Columbia International Affairs Online: Policy Briefs

CIAO DATE: 06/2012

Are Closed Areas the Solution for Fisheries Management?

Cheryl Rita Kaur

February 2012

Maritime Institute of Malaysia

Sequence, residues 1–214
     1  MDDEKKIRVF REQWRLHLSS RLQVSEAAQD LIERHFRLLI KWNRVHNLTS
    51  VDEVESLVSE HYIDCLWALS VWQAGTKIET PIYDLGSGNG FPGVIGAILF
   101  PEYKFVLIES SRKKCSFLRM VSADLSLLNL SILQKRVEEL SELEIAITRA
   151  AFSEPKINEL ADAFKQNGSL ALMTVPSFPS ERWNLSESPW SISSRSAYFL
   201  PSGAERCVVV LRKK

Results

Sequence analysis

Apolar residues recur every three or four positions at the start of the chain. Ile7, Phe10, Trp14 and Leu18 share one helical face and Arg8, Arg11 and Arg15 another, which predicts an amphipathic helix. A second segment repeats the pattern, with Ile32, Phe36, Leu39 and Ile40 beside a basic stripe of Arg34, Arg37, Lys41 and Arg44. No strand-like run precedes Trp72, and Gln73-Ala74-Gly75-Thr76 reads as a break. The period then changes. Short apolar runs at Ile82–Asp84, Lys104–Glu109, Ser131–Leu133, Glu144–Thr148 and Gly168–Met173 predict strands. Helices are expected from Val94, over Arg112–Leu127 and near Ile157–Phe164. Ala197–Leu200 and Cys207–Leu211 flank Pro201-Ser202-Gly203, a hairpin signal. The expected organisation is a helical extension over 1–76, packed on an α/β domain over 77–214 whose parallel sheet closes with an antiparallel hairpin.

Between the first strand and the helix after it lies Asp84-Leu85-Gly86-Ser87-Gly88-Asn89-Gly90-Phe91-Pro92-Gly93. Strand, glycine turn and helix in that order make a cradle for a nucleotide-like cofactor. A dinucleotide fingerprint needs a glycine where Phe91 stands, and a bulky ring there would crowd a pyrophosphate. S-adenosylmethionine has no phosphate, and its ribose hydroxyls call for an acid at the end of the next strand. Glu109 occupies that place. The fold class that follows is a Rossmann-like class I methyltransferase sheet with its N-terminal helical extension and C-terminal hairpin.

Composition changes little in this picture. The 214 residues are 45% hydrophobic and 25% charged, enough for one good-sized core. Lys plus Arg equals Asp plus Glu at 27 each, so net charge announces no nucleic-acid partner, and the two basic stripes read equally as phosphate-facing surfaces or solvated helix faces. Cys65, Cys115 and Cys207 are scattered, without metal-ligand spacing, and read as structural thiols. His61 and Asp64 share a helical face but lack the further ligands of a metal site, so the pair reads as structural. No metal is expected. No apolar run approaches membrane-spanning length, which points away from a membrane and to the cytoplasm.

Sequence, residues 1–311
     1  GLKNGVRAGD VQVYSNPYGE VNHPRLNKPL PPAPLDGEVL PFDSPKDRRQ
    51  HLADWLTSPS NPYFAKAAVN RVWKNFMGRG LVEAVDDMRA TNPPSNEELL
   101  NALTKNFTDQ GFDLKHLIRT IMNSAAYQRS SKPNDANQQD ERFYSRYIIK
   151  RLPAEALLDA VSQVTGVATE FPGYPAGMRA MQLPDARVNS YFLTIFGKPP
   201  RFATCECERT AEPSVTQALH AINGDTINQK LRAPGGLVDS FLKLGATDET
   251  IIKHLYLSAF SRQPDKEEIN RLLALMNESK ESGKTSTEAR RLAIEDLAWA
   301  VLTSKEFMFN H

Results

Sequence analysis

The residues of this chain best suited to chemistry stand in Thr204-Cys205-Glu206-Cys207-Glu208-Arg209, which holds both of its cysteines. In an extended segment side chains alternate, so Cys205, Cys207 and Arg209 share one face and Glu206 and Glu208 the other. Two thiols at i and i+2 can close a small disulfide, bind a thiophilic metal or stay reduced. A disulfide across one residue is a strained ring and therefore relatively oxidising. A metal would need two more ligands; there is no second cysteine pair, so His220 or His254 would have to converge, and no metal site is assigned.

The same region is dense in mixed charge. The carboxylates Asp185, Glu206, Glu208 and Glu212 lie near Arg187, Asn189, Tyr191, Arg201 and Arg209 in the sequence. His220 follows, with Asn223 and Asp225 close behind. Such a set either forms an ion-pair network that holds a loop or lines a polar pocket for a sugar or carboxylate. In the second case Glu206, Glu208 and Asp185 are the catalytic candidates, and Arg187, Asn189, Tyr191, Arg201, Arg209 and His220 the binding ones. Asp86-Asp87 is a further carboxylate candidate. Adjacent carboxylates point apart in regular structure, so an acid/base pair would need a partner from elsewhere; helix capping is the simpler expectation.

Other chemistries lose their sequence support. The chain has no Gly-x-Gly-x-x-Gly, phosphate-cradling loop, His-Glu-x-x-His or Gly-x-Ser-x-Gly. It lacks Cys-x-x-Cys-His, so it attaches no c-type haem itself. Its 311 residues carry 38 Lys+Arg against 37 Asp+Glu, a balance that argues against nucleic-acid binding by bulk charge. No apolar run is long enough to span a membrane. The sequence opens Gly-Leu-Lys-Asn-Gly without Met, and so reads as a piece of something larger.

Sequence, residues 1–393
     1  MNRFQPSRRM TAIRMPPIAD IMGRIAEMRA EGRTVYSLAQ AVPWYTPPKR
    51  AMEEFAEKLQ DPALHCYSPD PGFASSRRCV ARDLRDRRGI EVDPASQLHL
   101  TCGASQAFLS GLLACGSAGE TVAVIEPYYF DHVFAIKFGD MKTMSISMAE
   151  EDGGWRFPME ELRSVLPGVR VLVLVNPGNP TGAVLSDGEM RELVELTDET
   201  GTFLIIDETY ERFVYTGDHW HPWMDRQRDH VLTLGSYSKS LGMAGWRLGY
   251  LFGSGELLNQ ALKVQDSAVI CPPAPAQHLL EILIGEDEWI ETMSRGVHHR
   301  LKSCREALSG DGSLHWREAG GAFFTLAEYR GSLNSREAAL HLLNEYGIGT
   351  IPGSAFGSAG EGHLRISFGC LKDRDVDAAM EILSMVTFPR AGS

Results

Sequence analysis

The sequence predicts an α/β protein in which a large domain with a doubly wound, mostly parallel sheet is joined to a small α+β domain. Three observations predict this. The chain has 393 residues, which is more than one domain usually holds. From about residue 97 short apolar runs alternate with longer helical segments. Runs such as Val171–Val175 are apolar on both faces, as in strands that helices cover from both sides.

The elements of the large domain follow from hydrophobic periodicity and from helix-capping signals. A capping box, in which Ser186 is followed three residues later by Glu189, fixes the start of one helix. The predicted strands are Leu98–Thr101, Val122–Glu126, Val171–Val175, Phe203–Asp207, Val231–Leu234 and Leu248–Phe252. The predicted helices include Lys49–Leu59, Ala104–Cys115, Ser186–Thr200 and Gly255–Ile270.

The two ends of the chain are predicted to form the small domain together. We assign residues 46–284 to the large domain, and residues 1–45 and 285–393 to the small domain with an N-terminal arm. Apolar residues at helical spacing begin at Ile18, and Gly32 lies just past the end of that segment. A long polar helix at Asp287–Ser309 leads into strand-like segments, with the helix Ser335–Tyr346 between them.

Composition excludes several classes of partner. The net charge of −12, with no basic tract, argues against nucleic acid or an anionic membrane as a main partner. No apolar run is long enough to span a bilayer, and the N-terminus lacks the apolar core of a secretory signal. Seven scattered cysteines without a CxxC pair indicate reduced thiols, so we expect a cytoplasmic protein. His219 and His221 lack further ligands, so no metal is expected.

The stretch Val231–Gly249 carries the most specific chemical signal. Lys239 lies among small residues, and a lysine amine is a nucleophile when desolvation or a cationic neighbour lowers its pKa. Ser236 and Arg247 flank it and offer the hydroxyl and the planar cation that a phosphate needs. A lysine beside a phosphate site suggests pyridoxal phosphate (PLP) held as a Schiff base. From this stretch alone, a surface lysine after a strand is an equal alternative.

There is strong scientific consensus that closed areas contribute towards increased abundance of fish, protect against the risk of fishery collapse, and guard against the shortcomings of other environmental management tools. Studies at some areas have shown that protected spots experienced a rapid increase in fish numbers. While closed areas may offer promise for the conservation and management of marine fisheries and their habitats, there are however, mixed views on their benefits. Critics argue that most commercial species are too mobile to benefit from closed areas; whereas fishermen worry that it would reduce their fishing grounds, and thus affect their catches. Cheryl summarises that well enforced closed areas have great potential to maintain or enhance fishery catches and increase sustainability, but they cannot be considered as the solution to the problem of dwindling global fisheries stocks. The potential in improving fisheries management towards better yield will be limited unless the roots of management failures are addressed. These hugely requires reductions in fishing mortality, better enforcement strategies, improved design and selection of suitable sites as fisheries closed areas, and increased transboundary cooperation among countries on migratory fish species.